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Grave Statement

Claim:   Photographs show an 1890 gravestone with an anti-Democratic epitaph.

TRUE

Example:   [Collected via e-mail, August 2009]

They knew it a long time ago...

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Origins:   The short answer to the standard "Are these real?" question is that the pictures displayed above are indeed real, photographs of a marker at the grave of Nathaniel Grigsby, who died in 1890 and was interred at the Attica Cemetery in Attica, Kansas.

The longer answer involves explaining what might have driven Nathaniel Grigsby to request that the following epitaph be placed upon his grave marker:
Through this inscription I wish to enter my dying protest against what is called the Democratic party I have watched it closely since the days of Jackson and know that all the misfortunes of our nation has come to it through this so called party therefore beware of this party of treason.
The explanation of Nathaniel Grigsby's anti-Democratic antipathy requires an understanding of the circumstances of the time and place in which he lived, clues to which are provided by additional information on one side of his grave marker (a side which is not pictured above) as well as the Grigsby family history: Nathaniel Grigsby was a schoolmate and friend of Abraham Lincoln, his brother (Aaron) was married to Lincoln's sister (Sarah), he supported Lincoln's 1860 presidential candidacy in Missouri (an act for which his life was threatened), and he, along with four of his sons, enlisted to fight on the Union side in the Civil War:
In 1860, he was living in Norborne [Missouri]. He wrote to Lincoln and received an appointment as Republican Precinct Committee Man. He placed Lincoln's name on the 1860 ballot. All of Nathaniel's neighbors were Southern sympathizers. He had been talking about electing Lincoln for president in town. One morning at about 2 or 3 a.m. a neighbor rode up and told Natty not to light any lights. The neighbor wanted to warn him that his neighbors were planning to murder him and if he wanted to live he should be on his way.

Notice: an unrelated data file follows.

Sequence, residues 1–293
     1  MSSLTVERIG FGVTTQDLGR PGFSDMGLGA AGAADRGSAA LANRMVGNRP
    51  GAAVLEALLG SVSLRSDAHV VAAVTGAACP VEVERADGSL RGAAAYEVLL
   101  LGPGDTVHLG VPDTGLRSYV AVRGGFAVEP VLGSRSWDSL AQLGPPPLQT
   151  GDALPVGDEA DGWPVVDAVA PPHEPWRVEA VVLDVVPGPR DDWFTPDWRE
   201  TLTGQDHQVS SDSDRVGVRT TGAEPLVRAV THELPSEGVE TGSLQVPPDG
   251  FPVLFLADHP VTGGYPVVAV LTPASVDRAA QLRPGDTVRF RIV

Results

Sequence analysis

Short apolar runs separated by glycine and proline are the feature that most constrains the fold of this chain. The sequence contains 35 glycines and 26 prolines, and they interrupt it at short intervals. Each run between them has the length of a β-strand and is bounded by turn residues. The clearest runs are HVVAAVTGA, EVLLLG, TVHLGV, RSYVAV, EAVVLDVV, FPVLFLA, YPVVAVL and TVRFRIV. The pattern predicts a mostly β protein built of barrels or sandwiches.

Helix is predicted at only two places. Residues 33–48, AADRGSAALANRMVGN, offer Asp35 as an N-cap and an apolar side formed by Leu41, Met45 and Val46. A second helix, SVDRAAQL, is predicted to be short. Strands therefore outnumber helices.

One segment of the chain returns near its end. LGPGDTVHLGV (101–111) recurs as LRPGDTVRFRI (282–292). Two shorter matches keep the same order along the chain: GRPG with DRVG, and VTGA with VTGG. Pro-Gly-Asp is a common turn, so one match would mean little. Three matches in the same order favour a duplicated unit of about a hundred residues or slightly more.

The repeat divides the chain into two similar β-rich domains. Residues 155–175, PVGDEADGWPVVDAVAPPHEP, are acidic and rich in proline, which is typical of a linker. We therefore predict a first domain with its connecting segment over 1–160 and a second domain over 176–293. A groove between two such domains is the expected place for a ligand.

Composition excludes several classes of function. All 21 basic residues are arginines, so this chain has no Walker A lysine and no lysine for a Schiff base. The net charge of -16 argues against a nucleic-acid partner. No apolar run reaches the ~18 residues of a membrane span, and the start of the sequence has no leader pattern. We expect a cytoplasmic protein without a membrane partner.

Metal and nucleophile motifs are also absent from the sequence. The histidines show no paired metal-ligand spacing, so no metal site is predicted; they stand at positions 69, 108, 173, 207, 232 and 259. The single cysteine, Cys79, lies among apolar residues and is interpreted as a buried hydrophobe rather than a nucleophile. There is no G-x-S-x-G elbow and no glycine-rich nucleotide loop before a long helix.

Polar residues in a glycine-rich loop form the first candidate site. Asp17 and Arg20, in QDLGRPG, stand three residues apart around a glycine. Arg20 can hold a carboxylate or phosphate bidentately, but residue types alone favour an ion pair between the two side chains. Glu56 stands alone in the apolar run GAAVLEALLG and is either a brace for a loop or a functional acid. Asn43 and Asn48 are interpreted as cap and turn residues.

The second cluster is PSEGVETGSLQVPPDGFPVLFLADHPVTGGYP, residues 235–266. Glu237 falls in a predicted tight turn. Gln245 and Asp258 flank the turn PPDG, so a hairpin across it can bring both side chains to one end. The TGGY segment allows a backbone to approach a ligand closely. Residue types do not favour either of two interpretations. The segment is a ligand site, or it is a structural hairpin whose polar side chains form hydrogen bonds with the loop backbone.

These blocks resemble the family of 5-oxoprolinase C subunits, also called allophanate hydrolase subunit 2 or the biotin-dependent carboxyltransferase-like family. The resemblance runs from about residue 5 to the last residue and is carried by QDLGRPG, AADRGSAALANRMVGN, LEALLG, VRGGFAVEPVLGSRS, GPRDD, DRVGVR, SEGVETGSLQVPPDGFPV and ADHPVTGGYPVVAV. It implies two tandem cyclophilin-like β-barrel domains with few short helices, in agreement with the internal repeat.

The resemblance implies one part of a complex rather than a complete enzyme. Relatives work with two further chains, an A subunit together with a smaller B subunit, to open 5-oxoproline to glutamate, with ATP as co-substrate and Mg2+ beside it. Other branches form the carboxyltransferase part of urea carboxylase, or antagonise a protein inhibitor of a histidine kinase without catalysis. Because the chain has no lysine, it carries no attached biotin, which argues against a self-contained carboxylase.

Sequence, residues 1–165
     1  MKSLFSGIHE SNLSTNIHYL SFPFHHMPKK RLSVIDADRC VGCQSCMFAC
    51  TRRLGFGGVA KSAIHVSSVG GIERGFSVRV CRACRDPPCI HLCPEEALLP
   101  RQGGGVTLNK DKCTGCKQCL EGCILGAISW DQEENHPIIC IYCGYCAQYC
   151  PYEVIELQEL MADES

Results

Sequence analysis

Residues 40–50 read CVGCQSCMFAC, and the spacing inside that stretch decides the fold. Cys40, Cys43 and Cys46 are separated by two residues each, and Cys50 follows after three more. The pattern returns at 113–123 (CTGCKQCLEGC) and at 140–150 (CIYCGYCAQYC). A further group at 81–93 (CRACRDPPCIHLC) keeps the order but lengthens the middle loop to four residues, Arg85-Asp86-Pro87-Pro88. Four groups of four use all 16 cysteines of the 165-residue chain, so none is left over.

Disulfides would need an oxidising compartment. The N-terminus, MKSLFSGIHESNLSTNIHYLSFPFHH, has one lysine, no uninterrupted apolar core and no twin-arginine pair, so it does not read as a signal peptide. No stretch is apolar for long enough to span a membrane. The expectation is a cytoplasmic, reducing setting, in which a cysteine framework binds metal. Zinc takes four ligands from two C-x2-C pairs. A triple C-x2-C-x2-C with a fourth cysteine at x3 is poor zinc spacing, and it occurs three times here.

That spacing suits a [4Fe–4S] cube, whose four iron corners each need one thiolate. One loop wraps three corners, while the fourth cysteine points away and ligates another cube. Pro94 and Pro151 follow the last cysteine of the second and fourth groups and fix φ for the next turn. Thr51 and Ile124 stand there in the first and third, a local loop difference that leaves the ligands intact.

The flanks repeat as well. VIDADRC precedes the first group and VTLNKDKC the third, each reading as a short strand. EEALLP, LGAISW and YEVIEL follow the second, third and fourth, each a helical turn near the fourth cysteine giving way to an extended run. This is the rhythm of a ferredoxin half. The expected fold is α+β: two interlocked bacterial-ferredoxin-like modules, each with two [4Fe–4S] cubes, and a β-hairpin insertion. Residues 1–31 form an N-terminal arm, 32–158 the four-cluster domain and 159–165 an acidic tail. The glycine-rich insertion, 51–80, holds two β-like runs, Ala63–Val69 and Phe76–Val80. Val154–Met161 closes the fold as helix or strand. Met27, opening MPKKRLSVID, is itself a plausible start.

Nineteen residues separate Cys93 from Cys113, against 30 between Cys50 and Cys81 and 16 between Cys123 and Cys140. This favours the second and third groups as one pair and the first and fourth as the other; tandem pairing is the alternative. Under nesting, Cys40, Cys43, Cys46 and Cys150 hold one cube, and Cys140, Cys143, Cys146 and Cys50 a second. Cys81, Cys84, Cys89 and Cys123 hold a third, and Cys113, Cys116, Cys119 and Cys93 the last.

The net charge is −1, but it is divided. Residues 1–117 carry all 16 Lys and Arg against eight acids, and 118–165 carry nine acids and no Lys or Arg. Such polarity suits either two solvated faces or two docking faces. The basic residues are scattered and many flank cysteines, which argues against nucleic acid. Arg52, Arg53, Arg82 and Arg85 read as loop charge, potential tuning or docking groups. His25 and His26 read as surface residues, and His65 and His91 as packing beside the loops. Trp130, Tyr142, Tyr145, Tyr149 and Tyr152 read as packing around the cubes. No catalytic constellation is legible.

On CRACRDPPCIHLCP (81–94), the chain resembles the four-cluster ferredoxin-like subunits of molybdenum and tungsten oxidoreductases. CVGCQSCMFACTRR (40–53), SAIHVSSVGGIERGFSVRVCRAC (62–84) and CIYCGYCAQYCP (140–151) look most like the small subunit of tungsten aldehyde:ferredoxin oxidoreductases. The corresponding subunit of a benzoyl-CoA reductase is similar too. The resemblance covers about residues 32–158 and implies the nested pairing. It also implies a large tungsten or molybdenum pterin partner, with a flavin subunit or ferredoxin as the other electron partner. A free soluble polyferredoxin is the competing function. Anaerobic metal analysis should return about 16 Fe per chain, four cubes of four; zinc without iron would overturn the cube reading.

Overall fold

After the warning, Nathaniel moved back to Spencer County, Indiana, where he and four of his five sons enlisted in Company C, 10th Indiana Cavalry. Nathaniel was named 2nd Lieutenant.
In Nathaniel Grigsby's world, therefore, the Democratic Party was an entity he associated with the traitorous secession and rebellion of the Confederate states, with the start of a civil war (in which he took part), with the loss of his son and other friends, and with the death of a man who was not just a U.S. president but also a dear childhood friend and relative. As noted in the Wichita Eagle, even the passage of thirty years could not dilute Grigsby's bitterness towards those whom he held responsible for it all:
Grigsby lived through a national argument that killed 618,000 men. In that war, Grigsby fought as a 53-year-old Indiana cavalryman. He lost one son. He lost boyhood friends. There was one boyhood friend in particular.

He was great, he was good and he was very wise. He told funny stories. And even as a boy, he talked politics with Grigsby, as Grigsby later said, "until we wore the subject out." When he was killed in 1865, as one of the last casualities of the Civil War, it was widely regarded as the ultimate national betrayal. His name was Abraham Lincoln, and to Nathaniel Grigsby, he was more than a boyhood friend. He was family. Lincoln's sister (Sarah) married Grigsby's older brother.

Lincoln and Grigsby. They met again one day just before the war, in 1861, when Grigsby walked intio Lincoln's law office in Springfield, Illinois. His friend looked up with delight. "Nattie," Lincoln said. Grigsby and Lincoln spent several days together as Lincoln prepared to move his family to Washington. As they parted, Lincoln offered to appoint Grigsby and his sons to government postal jobs. "No," Grigsby replied. "We are going to have a war, and I have myself and three [sic] sons to offer for the country's service."

The consequences caught up with Lincoln on April 14, 1865. When he heard the news back in Indiana, Grigsby fell down in a faint. Twenty years later, Grigsby and several of his sons moved to farms near Attica, Kansas. Grigsby, on his deathbed, asked a son to see to the carving of the message on the stone. It was a parting shot — at treason, at Democrats, at those he thought had helped kill family and friends.
Last updated:   2 November 2010

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Sources:

    Wenzl, Roy.   "From the Grave, A Cry of Treason."
    Wichita Eagle.   18 January 1999.